Russian internet banking turning Japanese
Kommersant reports that IFC Metropol president, Mikhail Slipenchuk, confirmed that a memorandum has been signed selling a controlling share in the authorized capital of Obibank to SBI.
“As soon as we receive permission from the Central Bank, we will formalize the sale of 25% plus one share to the Japanese side (SBI Holding) and the other 25% minus one share SBI Holding will purchase within a year.”
Slipenchuk, who owns the bank both directly and also through IFC Metropol, said that once the deal is completed, Obibank plans to use the experience of SBI Holding, which itself is strictly an online bank, in providing Russians with online banking services as well as for activity on the stock market.
However, Roman Vorobyov, Board Chairman of Russian International Bank, has reservations about the feasibility of internet banking in Russia.
“I doubt that a new player in Russian retail will be able to make any major breakthrough. The Russian population is not as financially literate as in Japan, and when using banking services people prefer live communication.”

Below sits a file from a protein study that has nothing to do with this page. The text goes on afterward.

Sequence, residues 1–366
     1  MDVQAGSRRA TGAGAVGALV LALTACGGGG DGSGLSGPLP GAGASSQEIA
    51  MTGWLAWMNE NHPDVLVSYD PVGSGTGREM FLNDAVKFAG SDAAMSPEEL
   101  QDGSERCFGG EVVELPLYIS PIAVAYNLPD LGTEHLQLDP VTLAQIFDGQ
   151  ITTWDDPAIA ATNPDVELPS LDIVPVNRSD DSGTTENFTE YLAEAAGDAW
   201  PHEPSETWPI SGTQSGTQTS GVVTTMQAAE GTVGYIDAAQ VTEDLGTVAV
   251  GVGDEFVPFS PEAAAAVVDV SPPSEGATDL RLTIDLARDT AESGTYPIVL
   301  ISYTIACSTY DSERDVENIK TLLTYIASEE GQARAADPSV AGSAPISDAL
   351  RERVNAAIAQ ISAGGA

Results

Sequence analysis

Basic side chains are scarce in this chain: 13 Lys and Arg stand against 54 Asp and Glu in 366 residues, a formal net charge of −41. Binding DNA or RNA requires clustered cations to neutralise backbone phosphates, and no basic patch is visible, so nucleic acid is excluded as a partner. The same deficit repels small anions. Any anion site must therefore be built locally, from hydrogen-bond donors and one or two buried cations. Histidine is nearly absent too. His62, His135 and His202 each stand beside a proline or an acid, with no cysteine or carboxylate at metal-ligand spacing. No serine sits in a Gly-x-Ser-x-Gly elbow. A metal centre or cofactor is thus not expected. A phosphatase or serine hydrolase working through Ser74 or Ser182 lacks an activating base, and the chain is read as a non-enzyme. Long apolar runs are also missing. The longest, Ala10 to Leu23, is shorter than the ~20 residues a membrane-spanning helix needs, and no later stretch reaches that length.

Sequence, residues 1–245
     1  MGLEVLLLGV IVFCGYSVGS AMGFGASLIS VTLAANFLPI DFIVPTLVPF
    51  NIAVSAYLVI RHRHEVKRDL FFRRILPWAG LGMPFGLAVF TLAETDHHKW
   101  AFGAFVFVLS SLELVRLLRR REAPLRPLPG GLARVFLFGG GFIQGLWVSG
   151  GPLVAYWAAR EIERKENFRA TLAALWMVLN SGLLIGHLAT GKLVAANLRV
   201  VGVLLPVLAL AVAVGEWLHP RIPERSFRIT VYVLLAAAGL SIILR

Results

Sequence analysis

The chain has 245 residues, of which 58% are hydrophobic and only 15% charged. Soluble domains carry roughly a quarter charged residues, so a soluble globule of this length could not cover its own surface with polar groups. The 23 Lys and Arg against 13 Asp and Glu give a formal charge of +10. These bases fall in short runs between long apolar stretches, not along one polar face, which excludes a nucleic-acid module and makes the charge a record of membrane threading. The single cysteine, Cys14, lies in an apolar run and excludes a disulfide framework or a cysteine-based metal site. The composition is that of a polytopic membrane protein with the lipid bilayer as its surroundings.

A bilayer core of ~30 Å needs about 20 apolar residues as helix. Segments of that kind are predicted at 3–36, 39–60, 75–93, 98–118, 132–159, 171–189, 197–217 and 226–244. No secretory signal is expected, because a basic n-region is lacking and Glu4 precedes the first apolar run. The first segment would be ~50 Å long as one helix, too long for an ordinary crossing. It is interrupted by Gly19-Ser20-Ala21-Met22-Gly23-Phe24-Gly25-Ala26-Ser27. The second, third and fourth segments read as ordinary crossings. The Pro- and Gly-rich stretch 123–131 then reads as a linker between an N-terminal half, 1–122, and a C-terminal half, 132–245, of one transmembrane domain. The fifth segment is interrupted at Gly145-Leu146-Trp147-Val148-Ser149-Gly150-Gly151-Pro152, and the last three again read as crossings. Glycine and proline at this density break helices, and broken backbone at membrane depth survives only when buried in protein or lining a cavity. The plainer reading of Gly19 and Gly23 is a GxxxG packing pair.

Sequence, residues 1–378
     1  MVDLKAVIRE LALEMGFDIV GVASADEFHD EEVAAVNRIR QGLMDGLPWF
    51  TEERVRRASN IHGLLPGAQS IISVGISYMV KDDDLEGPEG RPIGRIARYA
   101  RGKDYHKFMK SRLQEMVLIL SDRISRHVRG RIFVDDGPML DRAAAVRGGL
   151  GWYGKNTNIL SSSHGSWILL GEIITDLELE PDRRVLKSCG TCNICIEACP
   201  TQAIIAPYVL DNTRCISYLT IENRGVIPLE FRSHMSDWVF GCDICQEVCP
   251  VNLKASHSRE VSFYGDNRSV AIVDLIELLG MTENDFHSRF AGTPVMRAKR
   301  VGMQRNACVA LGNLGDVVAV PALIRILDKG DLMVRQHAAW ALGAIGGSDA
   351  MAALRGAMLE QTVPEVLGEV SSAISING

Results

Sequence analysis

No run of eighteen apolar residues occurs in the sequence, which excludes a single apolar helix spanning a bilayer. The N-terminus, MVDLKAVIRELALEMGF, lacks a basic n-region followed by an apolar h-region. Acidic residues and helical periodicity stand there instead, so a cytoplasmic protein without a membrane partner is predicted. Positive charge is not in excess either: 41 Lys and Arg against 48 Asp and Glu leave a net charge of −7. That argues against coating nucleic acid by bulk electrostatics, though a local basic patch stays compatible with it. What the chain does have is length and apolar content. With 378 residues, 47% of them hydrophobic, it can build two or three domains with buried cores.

General Director of Interfax, Mikhail Matovnikov, believes it’s possible it will be successful, but not until it becomes more established in Russia.
“High-tech internet banking, could and would be in demand in the two capitals, but only if the bank has a strong brand, which in Russia is just a buzz word.”
Maria Kalvarskaya, an analyst at KIT Finance, however, sees the coming of a new foreign player to Russia as a positive sign.
“It means that foreign investors are evaluating the perspectives of growth in Russia with great optimism than before.”
However, a mass influx of strong foreign investors is not expected in the near future, says Matovnikov.
“For the most part, the strongest investors are already here.”